Sunday, September 30, 2012

City of Kings

Flying domestically in Russia is surprisingly easy. I took a cab at 5:30 Friday morning to Shermetyevo airport, one of Moscow's several main air hubs, and luckily the one closest to our hotel. From there, it was just a short two hour hop westwards, putting me on the ground in Kaliningrad just before nine am. I was met at the airport by Bashena, a student at Immanuel Kant Baltic Federal University where I will be working, and she helped me settle into my dorm room and showed me around town.

Kaliningrad has two centers, the new and the old. The medieval Prussian city was surrounded by fortified walls, a few of which still remain, but which now is visible primarily in the large circle of streets in the center of the city. Roughly bisecting this circle is the river Pregolya (Преголя), which forms two central islands, a large one and a small one. Kaliningrad (Königsberg, as it was then) was heavily bombed by both the British RAF and the Red Army in World War II, and the original center was almost completely destroyed. The cathedral (Кафедральный собор) on the small island, where the Prussian kings were buried, has since been rebuilt with German monetary contributions and now seems to serve as a concert hall. Immanuel Kant's tomb is next to the cathedral, and the entire island is now a destination for tourist groups, weddings (I counted at least four in the half an hour I was there), and women with baby strollers.




Across from the small island is much larger one with a modern waterfront along the river. It is meant to evoke a Germanic atmosphere with Gothic lettering and peaked facades, but the fact that the buildings are all new and house fancy hotels makes the attempt come off as a bit staged. Still, the curve of the embankment leading along the river to the cathedral seems made for pictures, and there's a reason why it's Kaliningrad's most famous area. On the southern bank, just across from the cathedral, is the old stock exchange, which manged to survive the war, and an imposing backdrop of grey Soviet apartments in varying states of decay. The bizarre juxtaposition of architectural eras and styles must be one of my favorite parts of Russia, and manages to capture in a single image the plurality, confusion, and constant redefinition that lies at the heart of Russian history and identity.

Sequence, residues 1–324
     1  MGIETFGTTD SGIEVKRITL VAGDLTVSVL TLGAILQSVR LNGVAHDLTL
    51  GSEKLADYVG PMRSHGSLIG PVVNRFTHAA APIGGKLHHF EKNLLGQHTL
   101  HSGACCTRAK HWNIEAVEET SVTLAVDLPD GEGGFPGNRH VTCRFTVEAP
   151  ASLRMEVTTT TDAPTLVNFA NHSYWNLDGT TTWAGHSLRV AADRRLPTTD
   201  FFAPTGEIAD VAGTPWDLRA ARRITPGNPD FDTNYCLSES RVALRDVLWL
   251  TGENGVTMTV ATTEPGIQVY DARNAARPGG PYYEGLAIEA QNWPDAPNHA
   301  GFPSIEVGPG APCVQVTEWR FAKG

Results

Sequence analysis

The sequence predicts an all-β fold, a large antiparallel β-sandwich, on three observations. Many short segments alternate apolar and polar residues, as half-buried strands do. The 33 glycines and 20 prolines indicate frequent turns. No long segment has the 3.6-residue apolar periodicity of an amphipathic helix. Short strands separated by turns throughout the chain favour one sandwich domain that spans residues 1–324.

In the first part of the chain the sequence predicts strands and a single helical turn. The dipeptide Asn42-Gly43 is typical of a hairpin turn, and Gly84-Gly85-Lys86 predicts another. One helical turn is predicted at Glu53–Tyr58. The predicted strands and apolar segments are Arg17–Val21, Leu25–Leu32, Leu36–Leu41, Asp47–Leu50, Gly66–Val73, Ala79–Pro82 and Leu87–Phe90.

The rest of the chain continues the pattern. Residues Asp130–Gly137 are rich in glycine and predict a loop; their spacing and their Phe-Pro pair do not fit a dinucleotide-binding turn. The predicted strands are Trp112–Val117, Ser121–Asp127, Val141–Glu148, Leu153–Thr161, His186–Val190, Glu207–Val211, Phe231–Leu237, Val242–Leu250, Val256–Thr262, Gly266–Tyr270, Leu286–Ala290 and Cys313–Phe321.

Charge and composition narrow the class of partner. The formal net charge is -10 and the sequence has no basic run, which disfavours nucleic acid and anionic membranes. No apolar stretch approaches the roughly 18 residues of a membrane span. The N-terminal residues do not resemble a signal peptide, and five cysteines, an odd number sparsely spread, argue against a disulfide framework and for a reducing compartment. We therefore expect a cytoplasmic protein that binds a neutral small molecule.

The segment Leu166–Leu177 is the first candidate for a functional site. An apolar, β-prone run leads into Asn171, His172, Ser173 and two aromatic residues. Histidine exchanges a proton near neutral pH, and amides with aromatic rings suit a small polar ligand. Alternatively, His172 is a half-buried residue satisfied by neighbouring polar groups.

Just to the north of the islands lies the original location of Königsberg Castle, built by the Teutonic Knights in the mid thirteenth century and later the coronation hall of Prussian kings. It was heavily damaged by the war, and though there were arguments for its restoration in the 1960s, Brezhnev's government ordered the destruction of its ruins in 1969. In its place, they built the enormous House of Soviets (Дом Советов), intended to be the central Party headquarters, but never finished. It is impressively ugly, to the point of becoming a caricature of Soviet style and method. I'm not sure whether I hate it, or find a grotesque enjoyment in it. Putin had it painted pastel blue in 2005, but the building itself is too dangerous to be used and too full of asbestos to be destroyed. On a less cynical note, the parking lot below the looming monstrosity was bustling with a farmers' market on the sunny Saturday that I visited, and I bought a small bag of potatoes.


Farther north from the old center but still within the ring is the new downtown, centered around Плошадь Победы (Victory Square) and extending in two directions along Улица Черняховского (Chernyachovskovo St.) and Ленинский Проспект (Lenin Prospect). Originally called Hansaplatz, and then Adolf-Hitler-Platz, the square is a somewhat ironic mixture of old and new. The city hall, built in 1923, is still the center of city government, and the 1930 Nordbahnhof train station is now a shopping center. Today it somewhat dominated by the new (2006) Orthodox Храм Христа Спасителя (Cathedral of Christ the Savior, not to be confused with the one in Moscow). All the Orthodox churches here are of recent construction, since there were certainly none before 1945, and after that the Soviet regime wasn't interested in building places of religious worship.


I also took a stroll along Литовский Вал (Litovsky Val, aptly meaning a wall, embankment, or rampart), a street forming the northeast section of the ring and running along what is left of the old brick city wall line. For most of the street this takes the form of a high bank, overgrown with trees and brush, punctuated by a few brick gatehouses and fortifications. The more intact buildings are now restaurants or stores, and the embankment itself is a bit of an eerie and forgotten presence.

Tourists stop to look at the several Prussian gates (вороты) that survived the war, and indeed they are spectacular, if awkwardly out of place in their modern Russian surroundings. But I find myself drawn more to the less known remnants of a different city: the gaping bunker holes dug into the overgrown bank, or the occasional crumbling brick factory that must predate 1945. This is a place that has been medieval, Prussian, Nazi, Soviet, and Russian -- most of that in the last century alone. Each successive regime has built (literally) on the foundations of the old ones, destroying some things, keeping others, and appropriating old structures for new uses.







Tuesday, September 25, 2012

7,137 Miles